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Patricia Conboy (1984)

Patricia Conboy

Patricia Conboy

Some of my most vivid Kimmage memories are of student conversations and debates about hot topics. Whether it was about equality between women and men or the existence of “a Third World” in Ireland, for example, we explored and argued passionately, often from opposing perspectives. Our discussions were of course influenced by our beliefs and values as well as by our knowledge and reading of research findings on the issues under the microscope. From those exchanges, I learned about the significance of process: how an educational experience is structured and facilitated. I began to understand the factors that enable participation and fruitful discussion of difficult issues in a diverse group; and also the factors that block open discussion and learning, and lead participants into more entrenched positions. Above all, there was the central requirement of respect for individuals and their viewpoints, no matter how divergent, in any meaningful attempt to achieve new understandings on contentious issues.

All these years later, I continue to value this strand of my Kimmage experience highly. It taught me my first lessons about the process of learning within a group, about the range of influences shaping people’s beliefs and values, and the necessity of working respectfully with people in terms of their beliefs and values, whether I shared those views or not. In turn, these are each fundamental aspects of any work for progressive change. Personally and professionally, I’ve been trying to build on those early insights ever since, and meeting both success and failure along the way.

Since 2001, my work has focused specifically on policy on ageing and older people. Depending on the role, I’ve been involved in age policy analysis, research and evaluation, writing, lobbying and advocacy. Most recently, I was privileged to lead Older & Bolder, an alliance of 8 NGOs collaborating and campaigning for the rights of older people in Ireland. It was an exciting and rewarding job.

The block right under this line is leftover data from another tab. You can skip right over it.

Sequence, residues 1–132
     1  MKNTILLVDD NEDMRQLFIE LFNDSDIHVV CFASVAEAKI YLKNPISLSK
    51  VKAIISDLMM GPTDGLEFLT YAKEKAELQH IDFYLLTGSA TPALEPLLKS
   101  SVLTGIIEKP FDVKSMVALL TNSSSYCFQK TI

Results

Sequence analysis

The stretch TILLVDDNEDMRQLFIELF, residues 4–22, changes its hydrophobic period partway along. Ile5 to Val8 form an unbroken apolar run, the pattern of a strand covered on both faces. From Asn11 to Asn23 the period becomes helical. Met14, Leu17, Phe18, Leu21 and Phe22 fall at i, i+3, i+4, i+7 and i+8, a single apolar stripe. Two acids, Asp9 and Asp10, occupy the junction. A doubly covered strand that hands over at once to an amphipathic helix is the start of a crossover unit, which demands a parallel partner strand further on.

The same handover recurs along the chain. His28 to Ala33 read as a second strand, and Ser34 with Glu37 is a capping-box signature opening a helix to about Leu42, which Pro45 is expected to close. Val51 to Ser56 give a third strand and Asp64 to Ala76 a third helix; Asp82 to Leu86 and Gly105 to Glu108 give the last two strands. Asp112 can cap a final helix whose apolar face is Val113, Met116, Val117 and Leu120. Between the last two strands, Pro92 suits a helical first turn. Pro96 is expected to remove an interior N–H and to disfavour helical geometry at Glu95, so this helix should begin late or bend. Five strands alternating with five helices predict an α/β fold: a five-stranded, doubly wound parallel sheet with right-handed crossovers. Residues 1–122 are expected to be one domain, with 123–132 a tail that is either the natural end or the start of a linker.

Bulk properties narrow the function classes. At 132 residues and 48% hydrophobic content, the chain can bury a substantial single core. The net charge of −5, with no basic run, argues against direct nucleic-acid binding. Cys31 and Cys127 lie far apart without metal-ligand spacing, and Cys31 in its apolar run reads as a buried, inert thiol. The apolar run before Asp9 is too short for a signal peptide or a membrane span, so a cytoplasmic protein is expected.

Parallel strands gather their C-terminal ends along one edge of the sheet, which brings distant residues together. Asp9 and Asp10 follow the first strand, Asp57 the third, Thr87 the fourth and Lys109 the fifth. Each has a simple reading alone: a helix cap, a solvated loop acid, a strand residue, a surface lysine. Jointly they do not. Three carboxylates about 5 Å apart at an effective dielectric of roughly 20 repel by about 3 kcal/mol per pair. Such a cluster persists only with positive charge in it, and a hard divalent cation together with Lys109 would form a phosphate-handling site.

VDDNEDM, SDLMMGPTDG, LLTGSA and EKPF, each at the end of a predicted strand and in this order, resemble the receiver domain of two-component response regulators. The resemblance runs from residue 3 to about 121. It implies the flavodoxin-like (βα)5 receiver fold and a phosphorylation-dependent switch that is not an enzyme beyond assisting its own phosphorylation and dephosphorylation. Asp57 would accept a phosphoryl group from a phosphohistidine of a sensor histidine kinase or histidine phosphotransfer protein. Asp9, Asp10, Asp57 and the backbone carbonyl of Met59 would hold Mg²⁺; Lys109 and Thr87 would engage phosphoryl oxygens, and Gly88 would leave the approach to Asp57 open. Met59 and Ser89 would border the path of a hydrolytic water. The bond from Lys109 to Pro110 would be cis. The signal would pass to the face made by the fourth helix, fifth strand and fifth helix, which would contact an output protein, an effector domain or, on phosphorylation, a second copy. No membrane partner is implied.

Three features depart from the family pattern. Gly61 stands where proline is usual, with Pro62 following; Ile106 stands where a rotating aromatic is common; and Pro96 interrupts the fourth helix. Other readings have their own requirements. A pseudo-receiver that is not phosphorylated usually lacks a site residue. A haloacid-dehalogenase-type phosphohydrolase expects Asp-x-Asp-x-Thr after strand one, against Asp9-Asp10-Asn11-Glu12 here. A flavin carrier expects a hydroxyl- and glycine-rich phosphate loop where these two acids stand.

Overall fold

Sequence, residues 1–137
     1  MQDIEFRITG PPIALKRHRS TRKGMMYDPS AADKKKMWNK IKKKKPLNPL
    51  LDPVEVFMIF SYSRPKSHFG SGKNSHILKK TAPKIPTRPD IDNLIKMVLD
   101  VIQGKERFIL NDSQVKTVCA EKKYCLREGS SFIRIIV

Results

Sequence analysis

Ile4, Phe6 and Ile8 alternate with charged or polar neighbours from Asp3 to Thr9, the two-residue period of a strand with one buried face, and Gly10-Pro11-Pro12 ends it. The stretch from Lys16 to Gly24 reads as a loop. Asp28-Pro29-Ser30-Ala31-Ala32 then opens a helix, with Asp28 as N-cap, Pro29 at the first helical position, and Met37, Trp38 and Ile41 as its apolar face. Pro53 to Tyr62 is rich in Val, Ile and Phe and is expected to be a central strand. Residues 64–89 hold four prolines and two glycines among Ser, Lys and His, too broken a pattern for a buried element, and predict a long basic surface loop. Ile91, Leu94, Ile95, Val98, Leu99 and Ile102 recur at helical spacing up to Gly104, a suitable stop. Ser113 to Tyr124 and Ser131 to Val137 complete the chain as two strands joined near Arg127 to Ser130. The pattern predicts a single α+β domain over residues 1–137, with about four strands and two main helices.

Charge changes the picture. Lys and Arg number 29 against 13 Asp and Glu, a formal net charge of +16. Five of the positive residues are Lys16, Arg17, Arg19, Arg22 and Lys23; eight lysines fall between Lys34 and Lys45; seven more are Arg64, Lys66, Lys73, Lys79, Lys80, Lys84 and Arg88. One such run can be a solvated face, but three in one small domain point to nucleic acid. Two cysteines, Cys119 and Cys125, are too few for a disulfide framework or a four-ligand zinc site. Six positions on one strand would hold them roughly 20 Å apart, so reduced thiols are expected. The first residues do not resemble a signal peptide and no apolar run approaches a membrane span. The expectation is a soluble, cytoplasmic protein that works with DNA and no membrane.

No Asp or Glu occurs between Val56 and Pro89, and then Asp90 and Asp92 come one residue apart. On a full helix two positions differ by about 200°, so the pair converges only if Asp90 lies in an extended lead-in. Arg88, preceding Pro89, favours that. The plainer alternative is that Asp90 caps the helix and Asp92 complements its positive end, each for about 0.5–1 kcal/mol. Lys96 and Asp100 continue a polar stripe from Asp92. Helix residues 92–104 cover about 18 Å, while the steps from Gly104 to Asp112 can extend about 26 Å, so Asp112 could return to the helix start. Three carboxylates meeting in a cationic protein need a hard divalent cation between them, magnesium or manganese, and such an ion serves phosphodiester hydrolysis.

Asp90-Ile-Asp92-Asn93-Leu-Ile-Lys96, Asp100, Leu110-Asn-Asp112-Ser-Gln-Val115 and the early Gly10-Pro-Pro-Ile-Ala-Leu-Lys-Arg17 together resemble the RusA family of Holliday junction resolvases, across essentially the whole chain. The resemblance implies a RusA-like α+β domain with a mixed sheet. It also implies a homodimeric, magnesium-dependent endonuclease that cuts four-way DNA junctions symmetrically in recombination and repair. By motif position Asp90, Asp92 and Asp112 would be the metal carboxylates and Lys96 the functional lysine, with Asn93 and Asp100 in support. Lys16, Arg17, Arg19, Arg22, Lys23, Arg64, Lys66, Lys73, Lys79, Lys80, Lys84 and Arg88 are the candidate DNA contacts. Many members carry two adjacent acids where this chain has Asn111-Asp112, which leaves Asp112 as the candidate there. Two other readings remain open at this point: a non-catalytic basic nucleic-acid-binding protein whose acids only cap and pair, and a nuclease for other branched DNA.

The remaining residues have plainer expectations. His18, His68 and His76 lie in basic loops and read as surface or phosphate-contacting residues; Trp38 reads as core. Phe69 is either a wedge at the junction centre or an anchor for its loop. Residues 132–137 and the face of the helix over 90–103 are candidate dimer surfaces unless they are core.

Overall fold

Older people were at the heart of Older & Bolder’s work. The role of the alliance, as we saw it, was to enable older people’s voices in all their diversity to be heard in the public arena; and to facilitate the inclusion of older people’s perspectives and preferences in policy debates and decision-making. With colleagues, I planned national consultations with older people to inform Older & Bolder’s own public positions on issues such as planning for an ageing population, social protection, health and social care. When I did so, I called once again on a repertoire of concepts and processes (i.e. capacity-building, participation, empowerment) which I had originally explored as a student on the Development Studies course in Kimmage Manor.

With the active involvement of a grassroots network of older people’s groups in all parts of Ireland, Older & Bolder campaigned successfully between 2008 and 2013 for the fulfillment of a Government promise to publish the National Positive Ageing Strategy; the defence of older people’s rights to the State Pension and other social supports; and for access to adequate health care, notably the home and community care which is essential to older people if they are to grow old in their own homes as the majority wish to do.

In June 2013, Older & Bolder closed when philanthropic funding ended. The baton on the age agenda – the promotion of an age friendly Ireland and the implementation of the National Positive Ageing Strategy – has now been passed on to the many other organisations who are active in the Irish age sector.

My next move is to the UK where I am starting a new job as Policy Manager with the British Geriatrics Society in October 2014. From there, I shall be following Irish age policy developments with keen interest, and wishing all in Kimmage well as the Development Studies Centre celebrates 40 years of unique service to education for change.


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